No-one puts Baby in the corner, said the movie Dirty Dancing; but someone's put Larry Ellison in a box!
Prior to NetSuite's long planned IPO, the firm has made some moves to calm investor fears about the influence that Oracle CEO Larry Ellison would have over the company when it goes public. Ellison - and his family - own the majority of the software as a service (SaaS) start-up.
Ellison plans to transfer the bulk of his holdings to a 'lockbox' company. He owns 639.3 million shares, 60 percent of the company. Those shares had been held by Tako Ventures, Ellison's private investment company. Tako's shares will be transferred to a new entity with governing provisions that 'neutralise, in certain situations,' the voting power of Ellison's shares.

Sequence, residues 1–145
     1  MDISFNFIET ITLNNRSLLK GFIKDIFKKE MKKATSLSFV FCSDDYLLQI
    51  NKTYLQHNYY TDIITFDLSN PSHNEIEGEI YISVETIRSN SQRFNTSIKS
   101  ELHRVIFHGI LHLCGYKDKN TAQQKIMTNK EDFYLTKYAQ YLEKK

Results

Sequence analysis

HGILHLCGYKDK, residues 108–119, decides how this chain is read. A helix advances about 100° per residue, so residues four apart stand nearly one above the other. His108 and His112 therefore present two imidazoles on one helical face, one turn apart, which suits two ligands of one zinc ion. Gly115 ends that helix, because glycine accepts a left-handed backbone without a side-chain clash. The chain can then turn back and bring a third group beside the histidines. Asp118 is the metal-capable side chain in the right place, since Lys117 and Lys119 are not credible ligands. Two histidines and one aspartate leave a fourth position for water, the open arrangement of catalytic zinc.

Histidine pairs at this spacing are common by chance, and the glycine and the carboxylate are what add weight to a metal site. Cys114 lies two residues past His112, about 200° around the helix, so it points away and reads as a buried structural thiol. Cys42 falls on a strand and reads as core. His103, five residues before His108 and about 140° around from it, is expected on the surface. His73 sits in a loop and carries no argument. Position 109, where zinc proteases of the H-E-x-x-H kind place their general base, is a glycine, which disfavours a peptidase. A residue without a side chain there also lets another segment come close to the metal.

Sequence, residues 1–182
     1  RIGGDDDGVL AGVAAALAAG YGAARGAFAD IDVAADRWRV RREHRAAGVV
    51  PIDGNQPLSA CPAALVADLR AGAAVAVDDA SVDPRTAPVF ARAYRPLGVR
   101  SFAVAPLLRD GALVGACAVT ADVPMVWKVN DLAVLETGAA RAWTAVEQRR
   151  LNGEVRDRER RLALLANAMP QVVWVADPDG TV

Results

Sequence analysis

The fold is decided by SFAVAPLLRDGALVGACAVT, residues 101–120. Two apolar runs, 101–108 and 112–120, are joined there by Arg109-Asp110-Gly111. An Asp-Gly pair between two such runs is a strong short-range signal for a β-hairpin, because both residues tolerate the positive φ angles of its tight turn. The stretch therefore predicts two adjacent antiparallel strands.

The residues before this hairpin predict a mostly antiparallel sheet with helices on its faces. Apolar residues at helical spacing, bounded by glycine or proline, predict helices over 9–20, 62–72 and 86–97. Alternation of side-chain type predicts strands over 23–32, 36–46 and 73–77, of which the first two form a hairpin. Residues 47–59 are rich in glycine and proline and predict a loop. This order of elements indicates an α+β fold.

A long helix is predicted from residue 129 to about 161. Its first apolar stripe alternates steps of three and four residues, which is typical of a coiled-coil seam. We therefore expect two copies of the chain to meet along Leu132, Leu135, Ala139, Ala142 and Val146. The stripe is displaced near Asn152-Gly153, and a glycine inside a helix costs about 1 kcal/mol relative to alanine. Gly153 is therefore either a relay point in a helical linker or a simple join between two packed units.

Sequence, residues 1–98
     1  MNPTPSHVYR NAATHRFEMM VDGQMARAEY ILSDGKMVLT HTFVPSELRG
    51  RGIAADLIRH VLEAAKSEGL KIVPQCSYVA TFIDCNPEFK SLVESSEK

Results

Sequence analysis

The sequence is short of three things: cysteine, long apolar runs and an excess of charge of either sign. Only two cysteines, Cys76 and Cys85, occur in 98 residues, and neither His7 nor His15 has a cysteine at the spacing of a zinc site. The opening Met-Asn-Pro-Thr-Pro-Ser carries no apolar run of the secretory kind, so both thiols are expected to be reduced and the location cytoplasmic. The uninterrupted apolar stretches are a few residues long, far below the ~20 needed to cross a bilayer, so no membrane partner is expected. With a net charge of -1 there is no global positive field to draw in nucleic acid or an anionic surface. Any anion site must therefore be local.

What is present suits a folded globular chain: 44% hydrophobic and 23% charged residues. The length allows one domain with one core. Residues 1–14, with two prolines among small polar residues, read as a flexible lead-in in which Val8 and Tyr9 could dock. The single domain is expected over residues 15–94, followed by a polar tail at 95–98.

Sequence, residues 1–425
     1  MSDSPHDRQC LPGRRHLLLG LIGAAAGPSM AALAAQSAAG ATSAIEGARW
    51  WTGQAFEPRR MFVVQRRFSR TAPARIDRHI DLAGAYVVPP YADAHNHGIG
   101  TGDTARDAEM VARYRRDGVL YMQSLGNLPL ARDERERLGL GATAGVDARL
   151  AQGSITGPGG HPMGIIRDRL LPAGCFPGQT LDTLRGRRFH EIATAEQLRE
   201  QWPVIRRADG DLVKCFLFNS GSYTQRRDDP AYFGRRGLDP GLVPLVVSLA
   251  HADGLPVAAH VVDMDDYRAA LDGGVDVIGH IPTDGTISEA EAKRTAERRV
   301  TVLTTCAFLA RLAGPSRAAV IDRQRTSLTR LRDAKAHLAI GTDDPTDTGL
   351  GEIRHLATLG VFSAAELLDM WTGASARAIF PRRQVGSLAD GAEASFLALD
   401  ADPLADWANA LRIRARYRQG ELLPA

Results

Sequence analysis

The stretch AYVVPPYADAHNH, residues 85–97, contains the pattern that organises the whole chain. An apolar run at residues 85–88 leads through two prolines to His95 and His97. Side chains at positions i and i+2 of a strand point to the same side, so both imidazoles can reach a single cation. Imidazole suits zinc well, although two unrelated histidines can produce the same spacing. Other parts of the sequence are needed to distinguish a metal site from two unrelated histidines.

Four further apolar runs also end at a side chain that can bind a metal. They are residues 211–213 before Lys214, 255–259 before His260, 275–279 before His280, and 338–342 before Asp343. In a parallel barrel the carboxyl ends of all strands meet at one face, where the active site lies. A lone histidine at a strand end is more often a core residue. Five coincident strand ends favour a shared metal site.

This new entity cannot be dissolved as long as Ellison remains an officer of Oracle. If Ellison dies, the entity's assets will be transferred to the Ellison Medical Foundation or another designated charity.
Once NetSuite is public, Ellison will lose his contractual right to appoint NetSuite board members. On any matter that comes before shareholders, the entity will vote its shares in proportion to the voting by other stockholders.
There's one rather crucial exception to that: if the vote concerns a potential NetSuite acquisition then Ellison can still direct the vote. In other words, if anyone wants to make an offer for the firm, they need to convince Larry first.